Morphological and Genetic Stability of Dormant Apple Winter Buds After Cryopreservation
Morphological and Genetic Stability of Dormant Apple Winter Buds After Cryopreservation
Korean Journal of Plant Resources. 2015. Dec, 28(6): 697-703
Copyright © 2015, The Plant Resources Society of Korea
This is an Open-Access article distributed under the terms of the Creative Commons Attribution Non-Commercial License ( which permits unrestricted non-commercial use, distribution, and reproduction in any medium, provided the original work is properly cited.
  • Received : May 28, 2015
  • Accepted : July 08, 2015
  • Published : December 31, 2015
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About the Authors
JungYoon, Yi
GiAn, Lee
JongWook, Chung
YoungYi, Lee
JaeGyun, Kwak
SeokYoung, Lee

Twenty apple germplasm accessions from the Korean Genebank were successfully cryopreserved using two-step freezing to back up genetic resources maintained by field collections. This study examined the morphological and genetic stability of cryopreserved dormant apple buds that were stored in liquid nitrogen, and then rewarmed and regrown. Whole plants were regenerated directly from dormant buds through budding without an intermediary callus phase. The cryopreserved buds produced high levels of shoot formation (76.2-100%), similar to those of noncryopreserved buds (91.3-100%), with no observed differences between cryopreserved and noncryopreserved materials. Three of the twenty cryopreserved apple germplasm accessions were used to assess morphological and genetic stability. No differences in morphological characteristics including shoot length, leaf shape, leaf width/length ratio, and root length were observed between controls (fresh control and noncryopreserved) and cryopreserved plantlets. The genetic stability of regenerants (before and after cryopreservation) was investigated using inter simple sequence repeat (ISSR) markers. The ISSR markers produced 253 bands using four primers, ISSR 810, SSR 835, ISSR 864, and ISSR 899. These markers showed monomorphic banding patterns and revealed no polymorphism between the mother plant and regenerants before and after cryopreservation, suggesting that cryopreservation using two-step freezing does not affect the genetic stability of apple germplasm. These results show that two-step freezing cryopreservation is a practical method for long-term storage of apple germplasms.
Apple is a fruit tree found in orchards throughout the world. In general, the conservation of apple genetic resources involves field planting (field gene banks) for vegetative propagation of plants, but this approach typically requires large amounts of space and extensive maintenance. Tissue culture has distinct advantages, and it is used for short-term preservation ( Withers and Engelmann, 1997 ), but it does not provide for long-term preservation. The occurrence of genetic variation in plant material produced from tissue culture has been described for many species such as horseradish, alfalfa, and pecan trees ( Rostiana , 1999 ; Vendrame , 1999 ; Piccioni , 1997 ). Cryopreservation is an alternative approach for the long-term storage of plant germplasm and is the preferred option for the long-term preservation of clonally propagated germplasm. Under cryopreservation, plant materials are stored at ultra-low temperatures (-196℃) in liquid nitrogen (LN). At this temperature, cell division and metabolic activity are suspended, and the material remains unchanged for a long period, thereby conferring genetic stability to clonal germplasm, including materials produced from apple. Somaclonal variation in cryopreserved plant material has been assessed in potato, Scots pine, cassava, and sugarcane, and no genetic differences were found in regenerated plantlets following LN immersion ( Harding and Benson, 2000 ; Haggman , 1998 ; Gonzalez-Amao , 1999 ). Studies of genetic alteration in apple have been limited ( Wu , 1999 ), and no studies on simultaneous changes in phenotype and genotype have been published.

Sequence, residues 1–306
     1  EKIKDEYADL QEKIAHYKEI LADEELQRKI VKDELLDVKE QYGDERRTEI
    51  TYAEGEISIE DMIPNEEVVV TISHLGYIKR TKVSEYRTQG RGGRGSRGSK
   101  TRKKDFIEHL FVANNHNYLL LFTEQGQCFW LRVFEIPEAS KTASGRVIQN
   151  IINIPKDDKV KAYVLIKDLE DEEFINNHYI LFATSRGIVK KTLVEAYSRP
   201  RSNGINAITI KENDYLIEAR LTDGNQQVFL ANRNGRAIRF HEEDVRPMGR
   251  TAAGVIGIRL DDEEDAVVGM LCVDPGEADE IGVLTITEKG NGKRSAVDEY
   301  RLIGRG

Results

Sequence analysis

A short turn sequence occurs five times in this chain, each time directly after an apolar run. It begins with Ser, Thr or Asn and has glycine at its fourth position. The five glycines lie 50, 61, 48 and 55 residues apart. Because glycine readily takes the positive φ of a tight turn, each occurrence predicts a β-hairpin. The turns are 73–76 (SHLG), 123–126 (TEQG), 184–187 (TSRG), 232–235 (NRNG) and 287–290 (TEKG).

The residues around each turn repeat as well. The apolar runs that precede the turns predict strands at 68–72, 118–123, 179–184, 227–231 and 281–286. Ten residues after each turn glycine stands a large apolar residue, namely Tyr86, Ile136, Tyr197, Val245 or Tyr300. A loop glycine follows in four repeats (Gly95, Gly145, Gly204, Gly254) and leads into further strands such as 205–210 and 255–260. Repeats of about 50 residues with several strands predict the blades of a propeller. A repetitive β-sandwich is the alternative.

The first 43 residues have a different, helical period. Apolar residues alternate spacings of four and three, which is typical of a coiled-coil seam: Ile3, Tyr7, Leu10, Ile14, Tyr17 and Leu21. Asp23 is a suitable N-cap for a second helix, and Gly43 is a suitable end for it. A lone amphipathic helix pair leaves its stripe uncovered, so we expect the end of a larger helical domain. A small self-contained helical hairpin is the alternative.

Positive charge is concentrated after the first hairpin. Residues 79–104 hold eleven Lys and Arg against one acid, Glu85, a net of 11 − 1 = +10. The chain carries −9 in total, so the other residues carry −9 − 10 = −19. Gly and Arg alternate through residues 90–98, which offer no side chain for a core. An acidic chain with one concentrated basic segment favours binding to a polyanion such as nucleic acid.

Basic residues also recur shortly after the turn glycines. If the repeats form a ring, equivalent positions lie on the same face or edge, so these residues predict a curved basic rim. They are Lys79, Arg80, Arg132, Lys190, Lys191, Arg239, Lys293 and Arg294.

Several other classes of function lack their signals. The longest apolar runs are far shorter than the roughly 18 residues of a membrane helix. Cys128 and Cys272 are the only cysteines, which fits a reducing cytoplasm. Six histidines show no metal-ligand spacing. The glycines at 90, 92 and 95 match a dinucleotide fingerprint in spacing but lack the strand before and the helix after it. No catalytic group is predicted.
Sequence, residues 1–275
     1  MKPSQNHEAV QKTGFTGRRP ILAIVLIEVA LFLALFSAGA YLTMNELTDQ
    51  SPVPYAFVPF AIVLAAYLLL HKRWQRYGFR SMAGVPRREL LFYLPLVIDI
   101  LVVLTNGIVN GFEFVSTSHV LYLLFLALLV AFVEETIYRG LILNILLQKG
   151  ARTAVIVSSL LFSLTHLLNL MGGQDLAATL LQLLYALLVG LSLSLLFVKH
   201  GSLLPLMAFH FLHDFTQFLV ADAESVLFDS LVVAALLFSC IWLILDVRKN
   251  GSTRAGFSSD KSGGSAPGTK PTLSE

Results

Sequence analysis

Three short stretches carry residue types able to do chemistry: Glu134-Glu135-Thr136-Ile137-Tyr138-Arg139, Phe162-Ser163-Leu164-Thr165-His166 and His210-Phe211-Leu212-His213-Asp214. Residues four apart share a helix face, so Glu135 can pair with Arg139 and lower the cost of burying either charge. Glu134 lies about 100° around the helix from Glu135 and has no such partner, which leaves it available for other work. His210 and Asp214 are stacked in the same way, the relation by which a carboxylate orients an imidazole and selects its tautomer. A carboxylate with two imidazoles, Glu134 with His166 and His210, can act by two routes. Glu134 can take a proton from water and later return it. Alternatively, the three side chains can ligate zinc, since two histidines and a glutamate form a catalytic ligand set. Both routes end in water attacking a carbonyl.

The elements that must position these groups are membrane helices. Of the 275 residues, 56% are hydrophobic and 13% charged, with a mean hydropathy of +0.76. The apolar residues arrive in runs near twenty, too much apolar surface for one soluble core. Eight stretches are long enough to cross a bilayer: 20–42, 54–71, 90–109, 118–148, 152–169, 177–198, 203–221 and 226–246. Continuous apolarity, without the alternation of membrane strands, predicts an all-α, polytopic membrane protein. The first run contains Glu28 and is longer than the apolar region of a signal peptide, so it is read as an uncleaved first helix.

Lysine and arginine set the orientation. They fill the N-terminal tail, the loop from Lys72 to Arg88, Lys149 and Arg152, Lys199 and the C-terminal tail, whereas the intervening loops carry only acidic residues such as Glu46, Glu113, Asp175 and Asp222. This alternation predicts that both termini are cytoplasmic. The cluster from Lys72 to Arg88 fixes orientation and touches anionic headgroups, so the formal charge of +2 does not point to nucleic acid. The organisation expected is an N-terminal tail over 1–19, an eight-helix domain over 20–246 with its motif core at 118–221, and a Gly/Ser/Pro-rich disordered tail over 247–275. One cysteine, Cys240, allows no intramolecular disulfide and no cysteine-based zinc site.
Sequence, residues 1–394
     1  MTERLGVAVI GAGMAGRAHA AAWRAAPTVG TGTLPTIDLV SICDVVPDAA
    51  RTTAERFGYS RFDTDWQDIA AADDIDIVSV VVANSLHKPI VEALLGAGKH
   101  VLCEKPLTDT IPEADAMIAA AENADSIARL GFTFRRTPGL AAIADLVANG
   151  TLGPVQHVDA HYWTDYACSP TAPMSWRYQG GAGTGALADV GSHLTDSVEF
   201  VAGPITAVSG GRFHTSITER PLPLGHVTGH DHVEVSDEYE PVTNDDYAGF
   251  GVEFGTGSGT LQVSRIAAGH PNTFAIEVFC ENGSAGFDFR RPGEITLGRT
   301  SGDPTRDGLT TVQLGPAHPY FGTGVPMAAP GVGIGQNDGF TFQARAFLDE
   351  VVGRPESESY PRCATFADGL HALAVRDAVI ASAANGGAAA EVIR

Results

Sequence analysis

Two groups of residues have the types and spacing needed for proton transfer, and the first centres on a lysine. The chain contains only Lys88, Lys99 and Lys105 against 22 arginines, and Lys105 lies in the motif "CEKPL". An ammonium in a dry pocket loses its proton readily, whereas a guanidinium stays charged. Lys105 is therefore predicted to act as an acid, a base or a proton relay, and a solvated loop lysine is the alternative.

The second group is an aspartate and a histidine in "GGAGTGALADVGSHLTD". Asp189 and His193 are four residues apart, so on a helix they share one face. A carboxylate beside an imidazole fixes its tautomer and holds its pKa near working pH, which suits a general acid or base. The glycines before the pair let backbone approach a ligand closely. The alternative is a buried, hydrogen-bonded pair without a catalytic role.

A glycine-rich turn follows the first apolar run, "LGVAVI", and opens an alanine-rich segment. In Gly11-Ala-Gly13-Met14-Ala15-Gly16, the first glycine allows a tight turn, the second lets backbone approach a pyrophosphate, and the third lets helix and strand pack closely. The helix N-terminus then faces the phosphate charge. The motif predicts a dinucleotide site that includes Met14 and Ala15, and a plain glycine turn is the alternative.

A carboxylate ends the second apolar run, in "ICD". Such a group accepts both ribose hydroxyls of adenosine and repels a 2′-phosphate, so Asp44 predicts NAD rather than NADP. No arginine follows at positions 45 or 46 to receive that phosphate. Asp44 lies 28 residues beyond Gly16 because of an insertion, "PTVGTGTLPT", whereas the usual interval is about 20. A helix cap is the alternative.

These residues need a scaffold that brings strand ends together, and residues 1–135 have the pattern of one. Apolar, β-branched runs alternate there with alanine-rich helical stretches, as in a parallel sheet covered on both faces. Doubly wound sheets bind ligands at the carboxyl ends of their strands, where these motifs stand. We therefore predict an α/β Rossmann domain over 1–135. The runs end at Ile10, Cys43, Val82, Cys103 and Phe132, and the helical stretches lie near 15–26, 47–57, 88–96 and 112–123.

Cryopreservation of dormant vegetative apple buds was first described by Sakai and Nishiyama (1978) . Protocols based on endogenous production of cryoprotectants in dormant apple buds were refined by Stushnoff (1987) , Tyler and Stushnoff (1988) , and Tyler (1988) with recovery by grafting. Subsequently, an effective protocol for cryopreservation of dormant winter apple buds was developed at the National Center for Genetic Resources Preservation (NCGRP) in Fort Collins, CO, USA, using material grown in the continental climate ( Forsline , 1998 ; Forsline , 1999 ; Towill and Ellis, 2008 ; Towill , 2004 ). Previous studies have detailed the improvement of a standard ‘two-step freezing’ method to induce a higher rate of shoot formation from cryopreserved vegetative apple buds and to implement long-term conservation of apple germplasm in the Korean Genebank ( Yi , 2013 ). In this study, we cryopreserved 20 accessions of apple genotypes using a two-step freezing method adapted for Korean genotypes. Subsequently, we observed morphological characteristics and examined genetic variation at the molecular level using inter-simple sequence repeat (ISSR) markers to assess the genetic stability of plantlets recovered from three cryopreserved apple germplasms.
Materials and Methods
- Plant materials
Stems containing the current season of growth from 20 apple cultivars were collected in early January 2013 when the buds were quiescent in a field at the National Institute of Horticultural and Herbal Science (NIHH), Daegu, Republic of Korea. The stems were collected after the temperature had been below approximately 0℃ for at least 72 h. The sampled scions were wrapped and stored at -5℃ for cold acclimation for 3 weeks.